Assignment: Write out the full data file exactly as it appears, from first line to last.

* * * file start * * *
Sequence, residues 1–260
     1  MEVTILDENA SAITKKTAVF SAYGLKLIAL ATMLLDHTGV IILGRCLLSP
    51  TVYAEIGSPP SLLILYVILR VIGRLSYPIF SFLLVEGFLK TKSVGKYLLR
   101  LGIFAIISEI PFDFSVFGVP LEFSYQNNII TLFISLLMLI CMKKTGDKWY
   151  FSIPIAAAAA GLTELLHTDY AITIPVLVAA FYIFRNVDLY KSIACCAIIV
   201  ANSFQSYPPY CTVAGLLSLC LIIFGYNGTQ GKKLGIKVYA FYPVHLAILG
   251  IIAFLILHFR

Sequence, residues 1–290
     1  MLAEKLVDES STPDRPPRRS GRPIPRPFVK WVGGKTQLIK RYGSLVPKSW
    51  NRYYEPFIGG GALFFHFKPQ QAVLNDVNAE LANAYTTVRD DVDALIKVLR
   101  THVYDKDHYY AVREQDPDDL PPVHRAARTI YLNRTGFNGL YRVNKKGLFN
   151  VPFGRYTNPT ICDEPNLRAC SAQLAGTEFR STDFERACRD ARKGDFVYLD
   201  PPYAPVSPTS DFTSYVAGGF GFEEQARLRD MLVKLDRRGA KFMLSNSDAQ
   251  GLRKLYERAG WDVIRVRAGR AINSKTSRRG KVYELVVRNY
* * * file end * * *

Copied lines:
Sequence, residues 1–260
     1  MEVTILDENA SAITKKTAVF SAYGLKLIAL ATMLLDHTGV IILGRCLLSP
    51  TVYAEIGSPP SLLILYVILR VIGRLSYPIF SFLLVEGFLK TKSVGKYLLR
   101  LGIFAIISEI PFDFSVFGVP LEFSYQNNII TLFISLLMLI CMKKTGDKWY
   151  FSIPIAAAAA GLTELLHTDY AITIPVLVAA FYIFRNVDLY KSIACCAIIV
   201  ANSFQSYPPY CTVAGLLSLC LIIFGYNGTQ GKKLGIKVYA FYPVHLAILG
   251  IIAFLILHFR

Sequence, residues 1–290
     1  MLAEKLVDES STPDRPPRRS GRPIPRPFVK WVGGKTQLIK RYGSLVPKSW
    51  NRYYEPFIGG GALFFHFKPQ QAVLNDVNAE LANAYTTVRD DVDALIKVLR
   101  THVYDKDHYY AVREQDPDDL PPVHRAARTI YLNRTGFNGL YRVNKKGLFN
   151  VPFGRYTNPT ICDEPNLRAC SAQLAGTEFR STDFERACRD ARKGDFVYLD
   201  PPYAPVSPTS DFTSYVAGGF GFEEQARLRD MLVKLDRRGA KFMLSNSDAQ
   251  GLRKLYERAG WDVIRVRAGR AINSKTSRRG KVYELVVRNY